There were times when it took the Liquid Z5 a little longer to react that we would have liked, such as when we used the AcerRapid button to launch the camera, but it wasn't a consistent problem and we found switching between tasks was smooth enough.
However, there is only 512MB of RAM to support the processor - that's half of what is included in the Moto G and a long way behind the 2GB or 3GB flagship devices. This is what makes the difference in speed between the Acer and the Motorola, despite the Moto G offering a slightly slower processor.
In terms of storage, you get 4GB internal with the Liquid Z5, but it does come with microSD support so you can add in many more gigabytes of space for a small sum of money. Acer also offers AcerCloud for sharing and storing files and media too. Even so 4GB is quite a lot less than some of its competitors in this market, we feel 8GB should be a minimum these days because core apps need to load from the device rather than an attached memory card. With that in mind, the capacity for downloading big apps is limited.
Acer claims the Liquid Z5 has a "best in-class" camera. It's tricky to judge based on how classes are separated, but we thought the results from its 5-megapixel rear snapper were acceptable in the right conditions.
Just like the Moto G, and any camera really, the Liquid Z5 performs best in daylight, producing images with enough colour and detail. The camera sensor is back-side illuminated which means its construction allows more light on the sensor for better performance. We took some shots while on a trek in the Outer Hebrides, although upon a full-scale inspection the finer details do lack.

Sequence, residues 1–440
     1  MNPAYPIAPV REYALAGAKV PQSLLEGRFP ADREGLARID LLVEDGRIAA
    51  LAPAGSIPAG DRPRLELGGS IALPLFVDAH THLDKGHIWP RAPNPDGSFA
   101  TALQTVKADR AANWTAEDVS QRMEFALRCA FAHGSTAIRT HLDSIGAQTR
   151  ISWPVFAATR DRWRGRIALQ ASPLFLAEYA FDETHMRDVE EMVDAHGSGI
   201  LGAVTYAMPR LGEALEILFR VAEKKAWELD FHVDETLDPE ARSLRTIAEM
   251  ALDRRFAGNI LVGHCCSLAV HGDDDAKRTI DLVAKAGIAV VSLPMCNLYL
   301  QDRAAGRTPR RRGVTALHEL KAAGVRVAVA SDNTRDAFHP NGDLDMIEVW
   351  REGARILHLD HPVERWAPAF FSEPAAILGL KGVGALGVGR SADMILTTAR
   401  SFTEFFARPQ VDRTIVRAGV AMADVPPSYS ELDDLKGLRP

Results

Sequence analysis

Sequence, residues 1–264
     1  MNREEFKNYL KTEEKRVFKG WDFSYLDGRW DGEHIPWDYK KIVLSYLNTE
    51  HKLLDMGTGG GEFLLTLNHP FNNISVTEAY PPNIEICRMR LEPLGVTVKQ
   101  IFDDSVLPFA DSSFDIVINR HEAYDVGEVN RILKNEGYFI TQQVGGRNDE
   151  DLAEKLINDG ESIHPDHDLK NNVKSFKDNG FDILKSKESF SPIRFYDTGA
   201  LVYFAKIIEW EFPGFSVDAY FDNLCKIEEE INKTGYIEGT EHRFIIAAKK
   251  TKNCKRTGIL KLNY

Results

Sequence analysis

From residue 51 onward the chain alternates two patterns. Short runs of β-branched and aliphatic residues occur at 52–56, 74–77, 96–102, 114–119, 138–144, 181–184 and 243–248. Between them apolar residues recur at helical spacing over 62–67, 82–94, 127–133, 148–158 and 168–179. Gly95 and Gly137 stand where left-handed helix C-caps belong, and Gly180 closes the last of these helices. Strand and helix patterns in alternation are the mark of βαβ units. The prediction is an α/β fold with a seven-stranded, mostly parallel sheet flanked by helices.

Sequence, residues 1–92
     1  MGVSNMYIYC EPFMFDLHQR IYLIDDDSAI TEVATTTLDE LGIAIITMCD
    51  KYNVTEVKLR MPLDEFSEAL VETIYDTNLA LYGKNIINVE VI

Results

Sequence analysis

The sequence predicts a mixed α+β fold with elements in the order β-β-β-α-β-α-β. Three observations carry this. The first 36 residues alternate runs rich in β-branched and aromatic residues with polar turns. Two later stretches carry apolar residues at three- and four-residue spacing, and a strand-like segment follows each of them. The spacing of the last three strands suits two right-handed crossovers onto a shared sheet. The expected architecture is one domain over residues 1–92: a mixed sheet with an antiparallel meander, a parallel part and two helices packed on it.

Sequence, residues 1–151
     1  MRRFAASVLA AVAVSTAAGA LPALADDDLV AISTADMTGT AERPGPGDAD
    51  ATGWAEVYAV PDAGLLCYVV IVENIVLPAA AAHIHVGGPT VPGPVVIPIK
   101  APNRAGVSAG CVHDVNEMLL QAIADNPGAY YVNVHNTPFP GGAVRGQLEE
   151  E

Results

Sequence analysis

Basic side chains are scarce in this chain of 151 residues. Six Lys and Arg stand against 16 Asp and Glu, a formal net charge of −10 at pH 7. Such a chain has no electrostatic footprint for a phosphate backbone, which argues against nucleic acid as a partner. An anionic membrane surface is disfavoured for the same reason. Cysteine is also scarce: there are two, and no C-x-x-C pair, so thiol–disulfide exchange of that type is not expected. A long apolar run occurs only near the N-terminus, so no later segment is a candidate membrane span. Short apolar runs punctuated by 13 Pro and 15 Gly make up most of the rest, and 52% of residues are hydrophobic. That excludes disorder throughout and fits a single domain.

The Z5's lens is a five-element construction with wide f/2.4 aperture which ought to help let more light and help in low-light conditions, but we found the Liquid Z5 to struggle here. Indeed we often just got underexposed black shots when in really low light.
Shadow areas in the frame present noticeable amounts of colour noise - that green, blue, red speckled effect - which is prominent even in some daylight shots, such as the example below.
The speed at which the camera responded was a little slower than we would have liked, which is likely linked to the processor speed. It was slower to react than any other functions we used on the phone and we struggled to get any kind of action shot without taking the photo a second earlier than we wanted.
The Liquid Z5 runs on Android v4.2.2, which is an older version of the operating system than the Moto G runs on. That means you won't get all the latest features that come with Android 4.4 KitKat but you will get the Acer Float user interface.
While native Android on the Moto G is brilliant, we think the Acer Float interface on the Liquid Z5 is one of the device's stronger features as it allows you to multi-task and easily switch between apps without having to go back to the home screen.
If you are in messages, for example, you can hold down on the recent apps button and a translucent box will appear with a grid of eight apps, allowing you to launch another app such as the camera. The eight apps can be customised so if you like to switch back to Candy Crush Saga after sending a message then you can do without having to go back to your home page and find your games folder.
While Android as standard offers a breakdown of already open apps, the Acer Float Interface doesn't need these eight selected apps to be open or scrolled through - it's like a neat and tidy quick-access folder.
There are also four fixed apps that can be launched on top of an app you already have open within this Float box: camera, maps, calculator and notes. You can't customise these, but they're handy presets. The same kind of principal applies if you switch on Float Caller, allowing you to accept a call or send a message to reject it without stopping what you are doing.
It seems like a small thing, but we think the Acer Float interface works well and gives the Liquid Z5 added personality. It reacts quickly, is easy to use and it makes multi-tasking and moving from one app to another a breeze.